Still, many of the south africans i met are fiercely proud of their country.  They do not shy away from their troubled history, rather praise how far they have come.  Hollywood made a movie about the unifying moment the country experienced when it won the rugby world cup, but to speak to a native it is not merely a trite story from their past.  That cohesive pride is still a moment many recall with deep honor.  It is easy to forget that it was only just over 20 years ago those historic elections took place.  Many are working tirelessly to heal the wounds of the past, but it will inevitably take time and continuous effort for years to come.  

Despite the general impression i had of the city, i didn’t experience any terrifying moments in Johannesburg.  I may have sensed a palpable tension, but that can be chalked up to the heightened awareness from persistent stories of warning.  The most uncomfortable i felt was amongst the fortress-like wealthy areas which impressed upon you a sense of some danger they must be protecting themselves from.  I wasn’t in the city for very long, i cannot pretend to have a deep understanding of its complexities.  However i feel its reputation, while not completely unfounded, is perhaps overblown.  

I spent the rest of the weekend in the johannesburg hostel relaxing (and by relaxing, i mean furiously trying to finish my taxes with questionable wifi and a website bogged down by the fort knox of security systems).  Monday came, and it was time to leave.  Leave the city, the country and the continent.  The continent that had felt like home for over 2 months.  A place which, for some inexplicable reason, i am heartbroken to leave.  I felt at that moment like I could throw in the towel on the rest of my travels and head for all the other parts of Africa I want to see – Botswana, Zimbabwe, Mozambique, Zambia, Malawi, Rwanda, Uganda…. The list goes on.

 Because I want to see it all.  The varied cultures, the rich landscapes, sometimes lush and green, sometimes barren and unforgiving.  All of them beautiful. The planned future held exciting things as well, though.  I was headed to india!  And then nepal!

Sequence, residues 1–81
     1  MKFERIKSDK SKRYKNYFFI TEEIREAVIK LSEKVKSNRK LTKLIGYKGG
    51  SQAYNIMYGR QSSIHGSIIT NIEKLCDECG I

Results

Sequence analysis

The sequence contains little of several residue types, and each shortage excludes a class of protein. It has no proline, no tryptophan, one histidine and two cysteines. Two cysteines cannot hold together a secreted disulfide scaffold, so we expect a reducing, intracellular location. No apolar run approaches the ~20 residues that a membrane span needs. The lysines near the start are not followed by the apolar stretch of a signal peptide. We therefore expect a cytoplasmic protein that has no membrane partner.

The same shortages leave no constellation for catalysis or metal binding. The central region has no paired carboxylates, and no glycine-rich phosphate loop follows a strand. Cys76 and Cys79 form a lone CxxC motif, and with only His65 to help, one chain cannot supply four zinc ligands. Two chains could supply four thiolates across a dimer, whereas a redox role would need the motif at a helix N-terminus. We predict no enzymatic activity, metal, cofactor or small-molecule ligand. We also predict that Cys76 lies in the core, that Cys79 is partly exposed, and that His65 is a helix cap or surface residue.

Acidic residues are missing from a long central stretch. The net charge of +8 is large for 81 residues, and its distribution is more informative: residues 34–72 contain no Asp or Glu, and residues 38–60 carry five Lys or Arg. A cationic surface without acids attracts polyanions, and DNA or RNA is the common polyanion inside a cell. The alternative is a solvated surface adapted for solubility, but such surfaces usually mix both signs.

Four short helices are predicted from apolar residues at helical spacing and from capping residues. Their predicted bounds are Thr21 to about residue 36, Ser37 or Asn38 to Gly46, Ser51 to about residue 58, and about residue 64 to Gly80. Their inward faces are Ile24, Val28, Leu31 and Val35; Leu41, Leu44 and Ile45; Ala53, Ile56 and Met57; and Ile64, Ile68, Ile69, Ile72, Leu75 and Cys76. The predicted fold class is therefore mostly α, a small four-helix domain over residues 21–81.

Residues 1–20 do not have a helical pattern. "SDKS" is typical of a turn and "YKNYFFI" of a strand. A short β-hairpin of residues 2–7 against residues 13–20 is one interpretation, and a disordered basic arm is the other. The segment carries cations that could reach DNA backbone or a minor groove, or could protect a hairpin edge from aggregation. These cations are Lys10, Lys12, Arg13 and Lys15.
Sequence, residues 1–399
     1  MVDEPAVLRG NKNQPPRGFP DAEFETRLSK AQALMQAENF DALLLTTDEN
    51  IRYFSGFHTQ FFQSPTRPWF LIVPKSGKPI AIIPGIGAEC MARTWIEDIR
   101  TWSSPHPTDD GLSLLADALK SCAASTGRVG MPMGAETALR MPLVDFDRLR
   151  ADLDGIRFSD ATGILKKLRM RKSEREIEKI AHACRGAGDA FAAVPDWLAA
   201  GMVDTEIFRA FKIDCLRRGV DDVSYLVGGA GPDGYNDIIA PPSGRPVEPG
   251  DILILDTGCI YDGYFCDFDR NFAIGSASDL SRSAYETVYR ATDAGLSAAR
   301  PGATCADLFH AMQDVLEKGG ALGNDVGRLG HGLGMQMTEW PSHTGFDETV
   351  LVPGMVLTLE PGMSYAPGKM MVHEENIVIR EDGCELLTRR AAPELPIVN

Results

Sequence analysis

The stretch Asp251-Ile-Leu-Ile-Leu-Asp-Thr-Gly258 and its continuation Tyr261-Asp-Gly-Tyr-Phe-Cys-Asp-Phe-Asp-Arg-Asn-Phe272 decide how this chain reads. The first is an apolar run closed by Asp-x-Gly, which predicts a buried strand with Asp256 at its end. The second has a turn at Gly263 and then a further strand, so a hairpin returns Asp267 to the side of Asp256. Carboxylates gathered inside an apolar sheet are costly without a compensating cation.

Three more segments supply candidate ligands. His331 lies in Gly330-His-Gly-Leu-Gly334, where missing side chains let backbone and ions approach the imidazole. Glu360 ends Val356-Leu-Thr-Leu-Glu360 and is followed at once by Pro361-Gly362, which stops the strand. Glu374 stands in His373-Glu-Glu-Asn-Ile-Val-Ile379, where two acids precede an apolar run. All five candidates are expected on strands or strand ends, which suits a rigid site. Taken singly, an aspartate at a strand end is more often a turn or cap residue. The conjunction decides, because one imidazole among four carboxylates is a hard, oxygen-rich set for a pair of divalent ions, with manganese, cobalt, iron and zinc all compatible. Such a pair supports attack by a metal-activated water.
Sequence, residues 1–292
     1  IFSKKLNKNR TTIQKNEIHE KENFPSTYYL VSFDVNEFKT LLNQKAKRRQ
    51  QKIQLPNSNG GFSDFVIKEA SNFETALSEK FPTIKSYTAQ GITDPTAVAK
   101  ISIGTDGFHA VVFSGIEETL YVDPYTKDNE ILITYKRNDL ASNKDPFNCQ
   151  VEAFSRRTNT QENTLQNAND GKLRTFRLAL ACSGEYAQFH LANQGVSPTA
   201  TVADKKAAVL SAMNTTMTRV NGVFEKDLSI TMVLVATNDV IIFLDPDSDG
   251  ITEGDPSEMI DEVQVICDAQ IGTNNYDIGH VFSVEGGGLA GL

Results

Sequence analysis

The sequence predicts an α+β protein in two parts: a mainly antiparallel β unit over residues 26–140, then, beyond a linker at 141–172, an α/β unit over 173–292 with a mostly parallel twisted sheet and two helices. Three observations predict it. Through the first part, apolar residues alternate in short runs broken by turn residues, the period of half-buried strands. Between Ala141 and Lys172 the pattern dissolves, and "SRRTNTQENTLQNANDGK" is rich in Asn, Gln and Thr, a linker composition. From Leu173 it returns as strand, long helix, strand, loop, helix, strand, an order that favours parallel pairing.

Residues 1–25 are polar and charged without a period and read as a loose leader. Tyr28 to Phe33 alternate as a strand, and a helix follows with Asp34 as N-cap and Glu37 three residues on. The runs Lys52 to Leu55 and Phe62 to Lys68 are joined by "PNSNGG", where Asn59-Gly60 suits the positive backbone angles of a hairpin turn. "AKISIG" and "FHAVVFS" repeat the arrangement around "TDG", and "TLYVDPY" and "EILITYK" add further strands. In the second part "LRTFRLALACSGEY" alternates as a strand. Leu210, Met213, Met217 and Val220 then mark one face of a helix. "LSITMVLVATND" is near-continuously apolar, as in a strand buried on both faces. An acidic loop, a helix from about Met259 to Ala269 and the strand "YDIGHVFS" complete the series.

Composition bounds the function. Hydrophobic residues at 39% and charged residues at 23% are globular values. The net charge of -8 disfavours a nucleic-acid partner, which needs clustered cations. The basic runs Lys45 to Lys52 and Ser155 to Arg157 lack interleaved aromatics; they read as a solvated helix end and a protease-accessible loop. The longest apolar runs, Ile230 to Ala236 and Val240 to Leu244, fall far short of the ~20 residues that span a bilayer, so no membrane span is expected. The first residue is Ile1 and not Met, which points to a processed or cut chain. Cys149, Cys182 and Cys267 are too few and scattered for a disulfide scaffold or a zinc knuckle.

There is so much more to see.  I boarded that plane out of or tambo airport with one surety in my heart – i will be back.  Somehow, somewhere in my travels… Africa stole my heart.

It need not be stolen, though, i give it gladly.

This article was written by KRISTIE OMAR


About Author

Born in Zimbabwe and living in South Africa, Miriro is a seasoned publishing editor and writer, having worked with leading brands in investment, business leadership and entrepreneurship. Passionate about Africa’s development, Miriro is also a dynamic marketing consultant with 10 years experience working with startups and large multinational corporations. With a heart for travel, Miriro spends her time discovering the nooks of crannies of Africa’s hidden gems, taking the roads less travelled, meeting the beautiful people and enjoying their food and culture. She enjoys tackling complex strategic challenges in the passion-to-entrepreneurship pipeline, particularly focused on the implications of 4th Industrial Revolution and workforce automation on Africa's travel and tourism industry. Miriro is currently the Managing Editor of Nomad Africa magazine.